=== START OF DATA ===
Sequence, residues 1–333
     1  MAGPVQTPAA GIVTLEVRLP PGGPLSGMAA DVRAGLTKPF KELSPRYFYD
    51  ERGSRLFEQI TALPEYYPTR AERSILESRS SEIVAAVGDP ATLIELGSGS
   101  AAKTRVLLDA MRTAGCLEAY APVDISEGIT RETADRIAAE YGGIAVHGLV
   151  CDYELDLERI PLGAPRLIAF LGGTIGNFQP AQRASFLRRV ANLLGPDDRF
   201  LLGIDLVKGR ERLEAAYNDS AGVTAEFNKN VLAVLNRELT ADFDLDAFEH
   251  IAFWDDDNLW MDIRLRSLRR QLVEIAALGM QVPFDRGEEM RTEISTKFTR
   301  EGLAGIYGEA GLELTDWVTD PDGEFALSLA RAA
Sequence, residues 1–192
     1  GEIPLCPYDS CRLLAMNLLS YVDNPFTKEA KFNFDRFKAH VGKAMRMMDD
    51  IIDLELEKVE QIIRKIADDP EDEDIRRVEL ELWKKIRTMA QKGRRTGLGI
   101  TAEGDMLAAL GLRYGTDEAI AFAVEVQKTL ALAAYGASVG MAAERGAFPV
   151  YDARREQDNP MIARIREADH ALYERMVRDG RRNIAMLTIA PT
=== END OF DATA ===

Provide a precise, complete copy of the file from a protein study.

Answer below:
Sequence, residues 1–333
     1  MAGPVQTPAA GIVTLEVRLP PGGPLSGMAA DVRAGLTKPF KELSPRYFYD
    51  ERGSRLFEQI TALPEYYPTR AERSILESRS SEIVAAVGDP ATLIELGSGS
   101  AAKTRVLLDA MRTAGCLEAY APVDISEGIT RETADRIAAE YGGIAVHGLV
   151  CDYELDLERI PLGAPRLIAF LGGTIGNFQP AQRASFLRRV ANLLGPDDRF
   201  LLGIDLVKGR ERLEAAYNDS AGVTAEFNKN VLAVLNRELT ADFDLDAFEH
   251  IAFWDDDNLW MDIRLRSLRR QLVEIAALGM QVPFDRGEEM RTEISTKFTR
   301  EGLAGIYGEA GLELTDWVTD PDGEFALSLA RAA
Sequence, residues 1–192
     1  GEIPLCPYDS CRLLAMNLLS YVDNPFTKEA KFNFDRFKAH VGKAMRMMDD
    51  IIDLELEKVE QIIRKIADDP EDEDIRRVEL ELWKKIRTMA QKGRRTGLGI
   101  TAEGDMLAAL GLRYGTDEAI AFAVEVQKTL ALAAYGASVG MAAERGAFPV
   151  YDARREQDNP MIARIREADH ALYERMVRDG RRNIAMLTIA PT